The Posidonia PTW+ Anchor, the first stockless anchor to be rated by Lloyds as super high holding power;

POSIDONIA SRL - Products > Anchors > Yacht anchors > PTW+ Anchors

Italian made, comes in sizes down to 17kg (pretty suspect at that size I bet) but would look pretty damn cool snuggled up against the bow through the hawse pipe of a medium to large sized trawler...

I have never seen one of these in real life but it seems I may be about to.
My offer has been accepted on the boat in the picture here and I believe there are two of these bad boys hanging through the hawse pipes on this bow. I am headed to Amsterdam in a couple of weeks to experience a sea trail and survey that is not in my native language. That ought to be interesting. I will also be interested in getting a close look at these anchors.
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Old 03-23-2016, 01:04 AM   #33
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I have never seen one of these in real life but it seems I may be about to.
My offer has been accepted on the boat in the picture here and I believe there are two of these bad boys hanging through the hawse pipes on this bow. I am headed to Amsterdam in a couple of weeks to experience a sea trail and survey that is not in my native language. That ought to be interesting. I will also be interested in getting a close look at these anchors.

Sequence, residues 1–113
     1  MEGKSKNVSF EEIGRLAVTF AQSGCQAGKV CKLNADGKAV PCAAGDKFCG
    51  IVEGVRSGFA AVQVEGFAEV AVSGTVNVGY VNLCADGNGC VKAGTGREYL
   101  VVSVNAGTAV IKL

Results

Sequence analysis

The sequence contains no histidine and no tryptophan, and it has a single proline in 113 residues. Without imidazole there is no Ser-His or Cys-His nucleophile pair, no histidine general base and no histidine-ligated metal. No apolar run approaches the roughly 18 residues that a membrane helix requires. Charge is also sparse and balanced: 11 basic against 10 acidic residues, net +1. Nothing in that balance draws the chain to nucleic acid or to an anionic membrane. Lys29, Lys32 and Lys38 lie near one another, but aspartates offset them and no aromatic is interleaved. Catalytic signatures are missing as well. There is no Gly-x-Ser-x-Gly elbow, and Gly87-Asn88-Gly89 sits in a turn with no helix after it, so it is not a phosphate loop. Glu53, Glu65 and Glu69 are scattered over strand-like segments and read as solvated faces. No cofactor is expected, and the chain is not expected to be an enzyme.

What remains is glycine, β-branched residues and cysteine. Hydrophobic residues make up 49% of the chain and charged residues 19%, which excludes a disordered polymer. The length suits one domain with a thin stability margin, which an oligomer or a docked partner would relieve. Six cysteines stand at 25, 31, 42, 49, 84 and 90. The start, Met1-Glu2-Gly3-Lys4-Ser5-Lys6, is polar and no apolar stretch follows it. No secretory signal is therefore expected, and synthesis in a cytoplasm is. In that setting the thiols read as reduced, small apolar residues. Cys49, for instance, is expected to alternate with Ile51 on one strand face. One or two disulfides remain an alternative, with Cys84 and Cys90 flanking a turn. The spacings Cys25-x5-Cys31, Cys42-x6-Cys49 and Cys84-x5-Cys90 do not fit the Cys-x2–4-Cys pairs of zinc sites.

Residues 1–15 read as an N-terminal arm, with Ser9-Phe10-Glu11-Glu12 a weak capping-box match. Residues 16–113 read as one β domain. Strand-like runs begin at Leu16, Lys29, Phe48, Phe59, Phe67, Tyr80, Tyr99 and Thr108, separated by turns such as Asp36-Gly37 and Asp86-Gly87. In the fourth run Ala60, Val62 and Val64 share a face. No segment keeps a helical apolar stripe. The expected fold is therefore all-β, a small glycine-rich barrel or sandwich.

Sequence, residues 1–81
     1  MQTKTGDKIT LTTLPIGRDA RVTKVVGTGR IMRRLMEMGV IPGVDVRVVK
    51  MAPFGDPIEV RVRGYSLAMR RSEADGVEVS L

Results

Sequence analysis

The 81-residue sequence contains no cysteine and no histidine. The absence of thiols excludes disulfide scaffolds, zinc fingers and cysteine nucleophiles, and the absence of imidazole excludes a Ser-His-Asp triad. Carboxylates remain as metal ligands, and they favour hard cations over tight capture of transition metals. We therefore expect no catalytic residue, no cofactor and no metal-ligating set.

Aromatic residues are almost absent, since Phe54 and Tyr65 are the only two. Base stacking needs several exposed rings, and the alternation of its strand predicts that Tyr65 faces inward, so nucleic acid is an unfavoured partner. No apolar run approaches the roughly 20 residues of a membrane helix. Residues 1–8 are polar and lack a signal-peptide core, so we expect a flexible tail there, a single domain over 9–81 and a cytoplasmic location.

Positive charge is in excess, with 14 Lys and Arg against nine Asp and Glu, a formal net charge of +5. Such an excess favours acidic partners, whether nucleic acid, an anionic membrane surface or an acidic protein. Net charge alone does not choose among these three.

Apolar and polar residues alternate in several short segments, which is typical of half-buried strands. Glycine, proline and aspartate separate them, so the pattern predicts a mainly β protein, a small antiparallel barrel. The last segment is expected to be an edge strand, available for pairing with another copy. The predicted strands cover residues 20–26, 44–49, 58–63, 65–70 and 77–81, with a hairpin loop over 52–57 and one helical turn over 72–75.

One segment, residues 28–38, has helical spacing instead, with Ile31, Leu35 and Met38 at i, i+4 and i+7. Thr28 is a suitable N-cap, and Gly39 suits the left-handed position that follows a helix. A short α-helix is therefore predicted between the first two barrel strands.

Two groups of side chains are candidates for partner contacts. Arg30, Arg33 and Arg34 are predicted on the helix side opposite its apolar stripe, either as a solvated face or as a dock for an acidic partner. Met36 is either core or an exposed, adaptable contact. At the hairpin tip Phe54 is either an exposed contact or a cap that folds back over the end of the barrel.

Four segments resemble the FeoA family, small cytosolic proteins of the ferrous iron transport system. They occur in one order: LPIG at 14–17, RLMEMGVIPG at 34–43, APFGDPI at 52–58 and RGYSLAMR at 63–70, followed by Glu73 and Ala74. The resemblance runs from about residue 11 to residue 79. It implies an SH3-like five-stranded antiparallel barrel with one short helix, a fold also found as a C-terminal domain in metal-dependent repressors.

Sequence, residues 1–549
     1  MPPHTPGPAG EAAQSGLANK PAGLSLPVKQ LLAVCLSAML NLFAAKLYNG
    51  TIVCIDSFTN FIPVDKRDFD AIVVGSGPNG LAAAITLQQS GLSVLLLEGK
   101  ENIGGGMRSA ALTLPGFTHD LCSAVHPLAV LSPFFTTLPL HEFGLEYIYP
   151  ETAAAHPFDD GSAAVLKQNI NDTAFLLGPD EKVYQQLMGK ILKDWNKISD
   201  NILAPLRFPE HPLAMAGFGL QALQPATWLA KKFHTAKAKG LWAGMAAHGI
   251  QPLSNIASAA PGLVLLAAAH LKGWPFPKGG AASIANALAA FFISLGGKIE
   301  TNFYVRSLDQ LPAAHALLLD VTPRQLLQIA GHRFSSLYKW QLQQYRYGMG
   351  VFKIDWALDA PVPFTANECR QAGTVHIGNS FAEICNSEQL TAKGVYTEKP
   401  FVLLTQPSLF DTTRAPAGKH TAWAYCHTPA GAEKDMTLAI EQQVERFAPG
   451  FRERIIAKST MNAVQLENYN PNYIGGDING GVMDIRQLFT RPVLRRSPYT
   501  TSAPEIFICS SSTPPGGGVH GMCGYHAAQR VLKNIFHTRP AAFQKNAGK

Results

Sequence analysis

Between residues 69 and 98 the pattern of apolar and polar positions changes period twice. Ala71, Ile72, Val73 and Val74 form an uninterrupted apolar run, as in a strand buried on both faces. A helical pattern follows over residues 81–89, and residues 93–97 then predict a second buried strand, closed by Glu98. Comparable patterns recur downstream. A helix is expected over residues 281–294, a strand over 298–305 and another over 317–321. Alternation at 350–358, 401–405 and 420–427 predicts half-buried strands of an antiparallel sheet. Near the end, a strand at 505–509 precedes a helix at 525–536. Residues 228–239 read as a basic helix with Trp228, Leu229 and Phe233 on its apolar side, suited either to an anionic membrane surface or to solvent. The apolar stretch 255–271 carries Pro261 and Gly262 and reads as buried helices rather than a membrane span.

Not a tippy-toe to the edge kind of guy, are you?

DANG that's a purdy boat. Dare to Dream
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Old 03-23-2016, 12:47 PM   #34
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"Danforths in my experience are handicapped by poor performance during pull direction changes (wind shifts)."

Operator problem.

Mr Ogg inventor of the Danforth in his book always suggests 2 or more anchors to solve this problem.

A 12 H stern anchor , hand set ,will solve the "problem" in under 2 min of effort.
How is this in any way considered an operator problem if two anchors are required in order to reliably work? It is an anchor problem.

Now the danforth has proven itself as a great anchor. True. But not reliably with big shifts.
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Old 03-23-2016, 01:07 PM   #35
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Klee wyck Bill,
Those anchors on the Libra are not the SHHP Posidonia anchors. The flukes on the anchors on the Libra are splayed out quite a bit kinda like the Forfjord whereas the outboard edge of the flukes are nearly parallel to the shank on the Posidonia. Not the same anchor.